August 23, 1933
A hurricane of destroyed much of downtown Ocean City and created a new inlet at South Second Street.

August 24, 1682
After the British secured the colony from the Dutch, The Duke of York awarded William Penn a deed to the "Three Lower Counties" that make up the present state of Delaware. Pen renamed St. Jones County: Kent County.

August 24, 1891
95 acres of the Nicholas Loockerman plantation where slaves were once kept, were purchased to establishing the "Delaware College for Colored Students."

August 25, 1777
Sir William Howe's detachment of British and Hessian troops landed on the Elk River and beginning the campaign which resulted in the capture of Philadelphia.

August 26, 1813
General Perry Benson, with a militia, of 600 men from the nearby region, halted a British force of 1,800 in the Battle of St. Michaels.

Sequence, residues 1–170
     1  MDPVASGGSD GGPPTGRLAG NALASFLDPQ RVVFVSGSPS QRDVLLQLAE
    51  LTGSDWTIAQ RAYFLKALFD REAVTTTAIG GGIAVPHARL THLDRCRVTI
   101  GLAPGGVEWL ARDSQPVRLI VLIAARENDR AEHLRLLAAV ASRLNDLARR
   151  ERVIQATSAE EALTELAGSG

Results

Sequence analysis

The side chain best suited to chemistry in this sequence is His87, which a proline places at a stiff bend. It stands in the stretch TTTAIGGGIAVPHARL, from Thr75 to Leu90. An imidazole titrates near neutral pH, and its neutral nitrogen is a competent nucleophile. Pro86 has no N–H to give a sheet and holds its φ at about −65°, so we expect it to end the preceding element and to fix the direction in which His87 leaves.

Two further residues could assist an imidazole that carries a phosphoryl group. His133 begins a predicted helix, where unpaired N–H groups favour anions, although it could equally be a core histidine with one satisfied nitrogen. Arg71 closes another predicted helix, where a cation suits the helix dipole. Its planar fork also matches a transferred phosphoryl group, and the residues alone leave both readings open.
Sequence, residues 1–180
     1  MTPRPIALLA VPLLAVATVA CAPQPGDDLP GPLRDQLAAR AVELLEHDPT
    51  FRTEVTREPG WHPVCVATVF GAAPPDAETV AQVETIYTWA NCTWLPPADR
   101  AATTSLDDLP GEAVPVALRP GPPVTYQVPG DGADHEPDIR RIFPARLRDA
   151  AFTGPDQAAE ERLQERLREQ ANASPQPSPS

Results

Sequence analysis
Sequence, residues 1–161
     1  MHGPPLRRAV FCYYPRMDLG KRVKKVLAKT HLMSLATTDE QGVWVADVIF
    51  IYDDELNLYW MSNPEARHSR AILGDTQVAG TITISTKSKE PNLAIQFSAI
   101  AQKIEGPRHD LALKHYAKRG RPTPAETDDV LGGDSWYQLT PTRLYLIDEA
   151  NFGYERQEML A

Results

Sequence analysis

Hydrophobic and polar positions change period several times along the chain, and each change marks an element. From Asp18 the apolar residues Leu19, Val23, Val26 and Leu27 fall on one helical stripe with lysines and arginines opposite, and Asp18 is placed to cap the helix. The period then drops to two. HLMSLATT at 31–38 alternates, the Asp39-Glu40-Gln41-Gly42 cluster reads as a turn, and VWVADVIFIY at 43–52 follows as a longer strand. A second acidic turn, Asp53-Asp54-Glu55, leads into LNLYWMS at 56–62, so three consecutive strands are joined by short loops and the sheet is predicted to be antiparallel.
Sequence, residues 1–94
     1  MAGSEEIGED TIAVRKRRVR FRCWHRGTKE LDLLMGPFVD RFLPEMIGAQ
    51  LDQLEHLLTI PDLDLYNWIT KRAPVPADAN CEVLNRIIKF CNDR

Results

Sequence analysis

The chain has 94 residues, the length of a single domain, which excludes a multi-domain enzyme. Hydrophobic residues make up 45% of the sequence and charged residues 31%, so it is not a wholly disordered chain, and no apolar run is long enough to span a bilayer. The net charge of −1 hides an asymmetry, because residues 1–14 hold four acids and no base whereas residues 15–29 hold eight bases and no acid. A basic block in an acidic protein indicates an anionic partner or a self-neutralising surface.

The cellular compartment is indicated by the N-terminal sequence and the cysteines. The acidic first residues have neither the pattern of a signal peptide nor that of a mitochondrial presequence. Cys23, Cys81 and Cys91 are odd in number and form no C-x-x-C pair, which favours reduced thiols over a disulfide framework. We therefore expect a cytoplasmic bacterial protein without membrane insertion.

August 27, 2011
During Hurricane Irene, the inlet light and channel marker were sheared off the breakwater. Nearby, the fishing pier sustained structural damage as well.

August 27, 1665
The first recorded play production in the United States ("The Bear & The Cub") was presented in Pungoteague, Virginia.

August 27, 1610
English Captain Samuel Argall, anchors in Delaware Bay and names the area in honor of the Lord de la Warre, Sir Thomas West, Governor of Virginia. This lead to "de la Warre" and later Delaware being applied to the Bay and River.

August 27, 1698
Two unidentified ships led by a French pirate named Canoot raided Lewes, Delaware, and picked the town clean of anything that could be carried off including the clothes in the cupboards.

August 28, 1609
Captain Henry Hudson, an Englishman in the employ of the Dutch discovers the entrance to Delaware Bay, never mind that native peoples had been living here for many centuries.

August 30, 1781
A 24-ship French naval force arrived at the mouth of the Chesapeake Bay to later defeat a British fleet at the battle of Virginia Capes.

August 31, 1814
British troops came ashore and attacked an encamped regiment in the Battle of Caulk's Field near Chestertown, Maryland.